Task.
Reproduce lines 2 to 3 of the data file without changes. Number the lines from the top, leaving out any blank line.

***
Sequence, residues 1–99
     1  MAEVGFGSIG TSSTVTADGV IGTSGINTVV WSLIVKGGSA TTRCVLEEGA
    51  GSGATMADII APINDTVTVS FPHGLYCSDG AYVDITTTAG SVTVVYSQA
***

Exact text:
     1  MAEVGFGSIG TSSTVTADGV IGTSGINTVV WSLIVKGGSA TTRCVLEEGA
    51  GSGATMADII APINDTVTVS FPHGLYCSDG AYVDITTTAG SVTVVYSQA